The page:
Cheung Chau Electric Company
IDJ: To obtain an electricity supply in Hong Kong customers have to sign up with either China Light & Power Co Ltd or the Hong Kong Electric Co Ltd. However, in the years before 1984 the residents of Cheung Chau Island were supplied from their own independent power station operated by the Cheung Chau Electric Company Co Ltd which had an office in Victoria.
Electricity for public use was first generated in Hong Kong in 1890 by the Hong Kong Electric Company, but it was not until 1903 that electricity was reliably available in Kowloon from a new power station on Chatham Road built by the China Light and Power Co Ltd.
Surprisingly in 1913 an electricity generating machine funded as a community project was brought into operation on Cheung Chau Island. It is assumed this was related to the fishing industry and powered a factory manufacturing ice for the large fishing fleet based there. Ice preserved their catches while at sea. At this time, generators/dynamos would have been driven by simple reciprocating steam engines or oil engines. The electricity output would have been a basic DC System (Direct Current).
Electricity production was later taken over by commercial interests and ownership changed several times. As Cheung Chau Island developed, the distribution system expanded over the years as the commercial owners upgraded the systems. Electricity was supplied at 50 cycles, three-phase, on a four-wire system of 200/346 volts for domestic, commercial and industrial use, similar to the other providers in Hong Kong. It was not until 1990 that the government decided that all electrical systems in the territory should be upgraded to 220/380 volts at 50 cycles.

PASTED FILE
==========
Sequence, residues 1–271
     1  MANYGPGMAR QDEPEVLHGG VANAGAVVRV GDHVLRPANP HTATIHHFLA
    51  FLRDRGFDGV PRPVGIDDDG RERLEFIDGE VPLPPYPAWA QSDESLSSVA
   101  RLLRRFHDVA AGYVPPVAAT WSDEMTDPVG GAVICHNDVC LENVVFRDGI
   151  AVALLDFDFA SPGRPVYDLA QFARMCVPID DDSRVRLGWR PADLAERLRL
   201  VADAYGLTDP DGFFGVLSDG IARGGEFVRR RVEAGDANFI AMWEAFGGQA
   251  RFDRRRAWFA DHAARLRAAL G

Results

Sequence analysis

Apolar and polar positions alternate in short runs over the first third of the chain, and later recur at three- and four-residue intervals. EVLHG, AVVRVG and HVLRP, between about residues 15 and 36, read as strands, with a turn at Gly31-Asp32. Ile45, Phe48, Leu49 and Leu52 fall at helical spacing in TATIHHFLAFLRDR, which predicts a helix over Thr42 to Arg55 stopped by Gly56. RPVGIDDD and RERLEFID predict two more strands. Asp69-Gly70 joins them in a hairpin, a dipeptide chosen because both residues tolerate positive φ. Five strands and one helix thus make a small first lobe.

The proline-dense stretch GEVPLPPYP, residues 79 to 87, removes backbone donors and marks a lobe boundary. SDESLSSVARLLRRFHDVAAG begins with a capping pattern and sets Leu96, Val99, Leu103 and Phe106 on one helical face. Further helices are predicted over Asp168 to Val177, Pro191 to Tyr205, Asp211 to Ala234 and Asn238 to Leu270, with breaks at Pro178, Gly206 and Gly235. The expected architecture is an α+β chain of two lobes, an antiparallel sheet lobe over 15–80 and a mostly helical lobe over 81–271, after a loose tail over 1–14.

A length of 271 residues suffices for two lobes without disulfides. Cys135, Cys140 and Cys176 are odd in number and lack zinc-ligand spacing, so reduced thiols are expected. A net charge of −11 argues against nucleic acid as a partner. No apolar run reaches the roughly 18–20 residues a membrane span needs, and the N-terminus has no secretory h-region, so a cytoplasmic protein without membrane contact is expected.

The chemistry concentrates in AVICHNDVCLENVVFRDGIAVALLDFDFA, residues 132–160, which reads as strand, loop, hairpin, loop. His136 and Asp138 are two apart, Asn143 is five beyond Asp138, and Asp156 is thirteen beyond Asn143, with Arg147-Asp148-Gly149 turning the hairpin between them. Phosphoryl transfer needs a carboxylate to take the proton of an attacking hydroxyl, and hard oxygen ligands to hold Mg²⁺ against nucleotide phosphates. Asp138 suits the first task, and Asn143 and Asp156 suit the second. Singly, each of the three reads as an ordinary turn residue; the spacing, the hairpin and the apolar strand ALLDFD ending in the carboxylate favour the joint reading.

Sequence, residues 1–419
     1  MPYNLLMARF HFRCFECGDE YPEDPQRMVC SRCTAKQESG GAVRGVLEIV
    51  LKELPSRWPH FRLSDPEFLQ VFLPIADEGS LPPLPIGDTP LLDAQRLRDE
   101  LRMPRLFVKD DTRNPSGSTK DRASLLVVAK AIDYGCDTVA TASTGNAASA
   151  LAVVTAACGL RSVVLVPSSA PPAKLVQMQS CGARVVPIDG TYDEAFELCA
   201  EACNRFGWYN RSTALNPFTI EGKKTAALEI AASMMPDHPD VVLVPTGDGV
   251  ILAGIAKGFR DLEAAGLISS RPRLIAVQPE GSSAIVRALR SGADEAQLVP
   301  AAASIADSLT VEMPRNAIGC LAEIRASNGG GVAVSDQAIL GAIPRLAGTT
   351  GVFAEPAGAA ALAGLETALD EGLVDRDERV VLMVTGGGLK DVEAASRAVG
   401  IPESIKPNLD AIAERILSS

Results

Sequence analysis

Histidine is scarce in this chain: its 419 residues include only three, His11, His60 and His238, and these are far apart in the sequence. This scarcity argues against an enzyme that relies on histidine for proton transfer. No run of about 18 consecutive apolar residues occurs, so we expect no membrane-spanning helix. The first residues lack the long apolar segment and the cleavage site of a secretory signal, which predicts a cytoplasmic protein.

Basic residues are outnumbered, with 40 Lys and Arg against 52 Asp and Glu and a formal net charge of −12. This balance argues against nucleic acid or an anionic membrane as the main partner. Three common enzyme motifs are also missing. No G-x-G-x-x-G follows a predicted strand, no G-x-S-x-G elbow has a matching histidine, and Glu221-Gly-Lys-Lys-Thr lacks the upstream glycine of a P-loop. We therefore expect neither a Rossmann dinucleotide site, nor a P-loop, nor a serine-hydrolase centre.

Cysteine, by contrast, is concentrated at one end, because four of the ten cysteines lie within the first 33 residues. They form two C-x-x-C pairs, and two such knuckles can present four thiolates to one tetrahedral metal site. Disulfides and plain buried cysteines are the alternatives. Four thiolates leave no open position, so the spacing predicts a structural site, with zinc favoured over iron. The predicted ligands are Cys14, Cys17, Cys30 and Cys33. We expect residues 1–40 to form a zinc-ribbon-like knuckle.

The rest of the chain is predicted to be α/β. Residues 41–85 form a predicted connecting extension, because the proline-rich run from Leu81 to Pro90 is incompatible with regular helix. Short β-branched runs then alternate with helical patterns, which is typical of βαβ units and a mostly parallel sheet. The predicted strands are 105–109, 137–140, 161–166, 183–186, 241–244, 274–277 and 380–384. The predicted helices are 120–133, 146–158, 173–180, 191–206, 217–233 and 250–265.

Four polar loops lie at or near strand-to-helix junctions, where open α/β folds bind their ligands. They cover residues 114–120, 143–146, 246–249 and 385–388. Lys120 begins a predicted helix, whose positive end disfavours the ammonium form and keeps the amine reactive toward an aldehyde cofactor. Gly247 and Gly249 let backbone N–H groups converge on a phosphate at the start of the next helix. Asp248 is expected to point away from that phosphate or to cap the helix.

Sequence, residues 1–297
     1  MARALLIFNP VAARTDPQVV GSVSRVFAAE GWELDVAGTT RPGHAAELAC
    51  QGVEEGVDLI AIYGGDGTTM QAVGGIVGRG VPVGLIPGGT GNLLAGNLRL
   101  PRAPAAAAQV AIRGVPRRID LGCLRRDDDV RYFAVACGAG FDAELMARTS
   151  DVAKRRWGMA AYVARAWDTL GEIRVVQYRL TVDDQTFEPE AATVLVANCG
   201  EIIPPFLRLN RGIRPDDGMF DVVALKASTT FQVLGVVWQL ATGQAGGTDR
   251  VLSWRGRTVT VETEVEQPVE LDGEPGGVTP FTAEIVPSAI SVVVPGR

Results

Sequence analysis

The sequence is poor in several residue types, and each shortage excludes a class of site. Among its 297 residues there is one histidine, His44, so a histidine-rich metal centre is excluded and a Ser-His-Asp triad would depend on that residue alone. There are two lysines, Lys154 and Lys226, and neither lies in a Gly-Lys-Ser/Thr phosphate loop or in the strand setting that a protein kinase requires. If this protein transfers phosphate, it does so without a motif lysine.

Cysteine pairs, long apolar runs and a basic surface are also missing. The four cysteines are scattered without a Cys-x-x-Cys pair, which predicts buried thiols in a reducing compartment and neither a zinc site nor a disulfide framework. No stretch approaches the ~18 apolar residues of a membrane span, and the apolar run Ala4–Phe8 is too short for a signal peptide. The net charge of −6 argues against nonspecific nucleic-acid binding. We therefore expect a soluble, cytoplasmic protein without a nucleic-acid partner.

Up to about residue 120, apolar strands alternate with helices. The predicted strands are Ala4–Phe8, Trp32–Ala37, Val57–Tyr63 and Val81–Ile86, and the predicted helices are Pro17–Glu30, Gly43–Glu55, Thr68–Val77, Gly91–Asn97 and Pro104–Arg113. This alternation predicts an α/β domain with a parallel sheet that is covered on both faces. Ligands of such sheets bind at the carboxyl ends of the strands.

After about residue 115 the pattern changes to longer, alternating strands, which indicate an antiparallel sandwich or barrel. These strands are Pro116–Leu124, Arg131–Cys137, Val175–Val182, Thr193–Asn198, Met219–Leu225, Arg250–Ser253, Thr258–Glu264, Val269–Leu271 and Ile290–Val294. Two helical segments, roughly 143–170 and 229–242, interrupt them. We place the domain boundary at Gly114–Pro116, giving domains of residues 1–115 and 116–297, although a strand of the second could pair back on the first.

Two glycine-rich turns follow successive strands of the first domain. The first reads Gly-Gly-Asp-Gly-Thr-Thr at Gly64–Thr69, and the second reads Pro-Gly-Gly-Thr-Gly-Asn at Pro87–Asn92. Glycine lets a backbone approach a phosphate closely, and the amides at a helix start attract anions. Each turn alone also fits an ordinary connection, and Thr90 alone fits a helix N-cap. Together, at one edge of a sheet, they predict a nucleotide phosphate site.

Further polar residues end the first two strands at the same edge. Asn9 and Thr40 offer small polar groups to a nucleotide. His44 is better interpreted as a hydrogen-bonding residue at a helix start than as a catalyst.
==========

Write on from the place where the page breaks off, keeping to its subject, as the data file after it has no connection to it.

As customers increased the power station evolved to use diesel engines to drive the generators. In later years these were supplied by LISTER ENGINES from the UK. By 1982 the power station had an installed capacity capable of generating a respectable 8 mega-watts.
With both major power companies supplying electricity to virtually everywhere in the territory by the 1980s, the isolated Cheung Chau operation had become an anomaly. During 1983 an agreement between the China Light & Power Co. and the Cheung Chau Electric Company resulted in CLP taking over the supply of electricity to Cheung Chau from 1 January 1984. In the future, electricity would be supplied via undersea cables from CLP’s widespread distribution systems and the power station shutdown.
The writer did visit Cheung Chau around the time of the final ownership change and saw the power station building, but he could not place it on a map today. Recollections seem to place it not far from the piers and on a road leading up a slope or hill. However, an examination of maps of the island prior to 1984 does not show the power station’s location, although they do show schools, police station, hospital etc.
Little appears to be known about the Cheung Chau Electric Company. Presumably its records have been absorbed by CLP? An on-line search of the company’s Hong Kong Heritage Project archive reveals nothing. Although on a timeline for 1984 they call the company The Cheung Chau POWER Company rather than the “Electric” company mentioned in the government’s year books.
Sources for this brief article are Hong Kong Government Year Books 1952-1996
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